Regarding your continuing praise for campaign-finance reform ("Smoking out reformers," Aug. 10, editorial): I suggest that the real problem is not too much money in American politics, but too little. The average American spends far more on pizza, Big Macs, movies, cosmetics, and magazines than on political candidates. If every four years, half the US population contributed $10 to a presidential candidate, the collective donations would overwhelm the amount currently spent by much-feared big-campaign contributors.
I am one of many Americans not afraid of citizens' political involvement via monetary donations. Instead of trying to limit and incriminate those who care enough about the political process to contribute, more of us should get involved.
The right to free speech most assuredly protects political speech, and the way we communicate in elections these days requires money. I hope to see increasing campaign contributions in coming elections -donations that represent political involvement by interested citizens.
Blair Lindsay Kirkwood, Mo.
Tip O'Neill once said that all politics is local, but it now appears that all politics are governed by campaign donations, as money has become a controlling factor in our democracy. The costs of television, radio, direct mail, and polling have gone out of sight, and that means candidates must either be wealthy or constantly begging for campaign contributions. Incumbents - who can generally raise enormous amounts - have been able to crush their challengers at the polls.
Without serious campaign-finance reform, reasonable term limits, and perhaps some government restructuring, our democracy will continue to be a rich men's club - and that's not good for America.
George A. Dean Edgartown, Mass.
The greatest sticking point about stem- cell research has been the matter of using cells from immature embryos. To press the government into funding stem-cell research, both what is called the "scientific community" and the media have engaged in a campaign of coercion. The media has run article after article depicting stem cells almost as a cure-all - a strategy that characterizes much of the presentation by pro-embryonic stem-cell researchers, as advocates make potential cures sound all but guaranteed.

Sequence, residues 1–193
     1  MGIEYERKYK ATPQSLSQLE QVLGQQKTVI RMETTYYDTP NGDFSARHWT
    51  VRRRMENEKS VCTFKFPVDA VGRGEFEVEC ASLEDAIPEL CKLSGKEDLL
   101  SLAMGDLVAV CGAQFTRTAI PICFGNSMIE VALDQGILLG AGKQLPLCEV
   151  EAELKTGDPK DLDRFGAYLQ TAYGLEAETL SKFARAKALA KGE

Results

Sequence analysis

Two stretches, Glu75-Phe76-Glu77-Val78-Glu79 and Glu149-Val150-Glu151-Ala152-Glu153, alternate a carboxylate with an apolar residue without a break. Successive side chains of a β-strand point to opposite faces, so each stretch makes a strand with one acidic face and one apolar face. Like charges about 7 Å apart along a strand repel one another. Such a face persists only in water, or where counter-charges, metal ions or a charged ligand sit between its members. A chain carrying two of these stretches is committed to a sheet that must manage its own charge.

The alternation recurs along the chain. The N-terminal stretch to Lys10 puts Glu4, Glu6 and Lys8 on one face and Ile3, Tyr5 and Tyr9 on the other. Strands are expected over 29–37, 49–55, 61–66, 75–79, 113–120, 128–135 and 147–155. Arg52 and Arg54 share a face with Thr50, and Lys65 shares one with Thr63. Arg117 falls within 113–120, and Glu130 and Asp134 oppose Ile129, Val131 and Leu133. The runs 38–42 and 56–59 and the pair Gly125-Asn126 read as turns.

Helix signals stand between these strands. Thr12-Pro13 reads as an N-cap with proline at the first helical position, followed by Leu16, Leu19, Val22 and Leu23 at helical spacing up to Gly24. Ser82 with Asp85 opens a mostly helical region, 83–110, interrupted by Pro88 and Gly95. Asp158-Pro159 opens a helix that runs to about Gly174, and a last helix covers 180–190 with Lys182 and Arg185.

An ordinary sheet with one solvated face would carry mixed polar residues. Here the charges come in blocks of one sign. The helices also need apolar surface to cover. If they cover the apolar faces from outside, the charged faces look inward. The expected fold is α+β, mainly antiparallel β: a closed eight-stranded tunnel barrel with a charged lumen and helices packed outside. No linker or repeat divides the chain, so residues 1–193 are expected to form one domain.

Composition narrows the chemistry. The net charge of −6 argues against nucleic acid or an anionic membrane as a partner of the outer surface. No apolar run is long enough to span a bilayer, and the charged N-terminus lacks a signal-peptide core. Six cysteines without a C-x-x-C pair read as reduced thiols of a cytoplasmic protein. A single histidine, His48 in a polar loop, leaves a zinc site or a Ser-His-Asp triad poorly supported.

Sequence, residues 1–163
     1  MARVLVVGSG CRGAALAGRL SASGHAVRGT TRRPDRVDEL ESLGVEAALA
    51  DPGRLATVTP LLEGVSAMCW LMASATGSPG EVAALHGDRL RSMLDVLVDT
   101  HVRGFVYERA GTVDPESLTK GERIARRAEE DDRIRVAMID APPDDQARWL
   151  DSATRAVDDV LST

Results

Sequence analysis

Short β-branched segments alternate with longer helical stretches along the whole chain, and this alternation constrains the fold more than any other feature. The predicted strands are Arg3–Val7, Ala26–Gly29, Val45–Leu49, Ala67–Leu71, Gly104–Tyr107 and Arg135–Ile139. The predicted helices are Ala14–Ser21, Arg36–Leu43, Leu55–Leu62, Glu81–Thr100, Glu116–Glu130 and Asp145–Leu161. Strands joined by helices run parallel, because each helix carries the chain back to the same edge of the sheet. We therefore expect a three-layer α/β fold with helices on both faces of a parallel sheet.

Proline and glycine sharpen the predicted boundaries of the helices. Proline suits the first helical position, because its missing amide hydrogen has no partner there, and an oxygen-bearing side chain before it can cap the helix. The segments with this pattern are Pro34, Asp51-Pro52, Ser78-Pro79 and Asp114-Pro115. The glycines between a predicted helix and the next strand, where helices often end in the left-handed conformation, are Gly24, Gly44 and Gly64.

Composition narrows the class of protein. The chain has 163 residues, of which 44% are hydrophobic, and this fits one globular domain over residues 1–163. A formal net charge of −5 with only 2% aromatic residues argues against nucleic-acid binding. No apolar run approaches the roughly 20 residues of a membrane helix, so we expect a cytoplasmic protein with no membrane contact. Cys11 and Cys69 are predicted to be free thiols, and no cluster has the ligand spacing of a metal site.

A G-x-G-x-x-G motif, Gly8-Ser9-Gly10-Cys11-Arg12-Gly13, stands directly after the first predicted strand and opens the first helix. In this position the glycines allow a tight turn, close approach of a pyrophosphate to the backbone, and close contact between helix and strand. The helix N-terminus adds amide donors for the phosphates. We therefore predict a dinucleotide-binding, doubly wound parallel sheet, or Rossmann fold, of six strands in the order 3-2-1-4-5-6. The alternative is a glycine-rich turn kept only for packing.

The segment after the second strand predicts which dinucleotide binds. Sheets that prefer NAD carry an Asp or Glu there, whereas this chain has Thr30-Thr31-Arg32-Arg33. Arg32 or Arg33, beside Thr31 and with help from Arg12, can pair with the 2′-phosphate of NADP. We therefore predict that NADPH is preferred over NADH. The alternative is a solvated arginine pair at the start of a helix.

All that is overlaid by a procession of victims, bemoaning their situations and accusing the president of trying to rob them of their chance to get well. Greed and self-involvement may be in great supply among these individuals and among advocates of stem-cell research - but sense and principle are not.
Julian Penrod West Caldwell, N.J.
While President Bush did mention moral issues involved in embryonic research, he left the door open to commercial exploitation of embryos. Federal funding of all stem-cell research would at least provide for sharing results with geneticists worldwide. By funding further research on only 60 lines of stem cells, Mr. Bush has in effect privatized all future stem-cell research, since he did not prohibit the use of embryos by private research companies. If this policy goes forward, we might see commercial embryos with DNA the property of genetic laboratories.
In the final analysis, it is a woman's right to choose that should guide our policy, and leave the moral issues of embryonic research up to each family. If her choice will restore the health of a family member, she should have that option.
Dean Steele Atlanta
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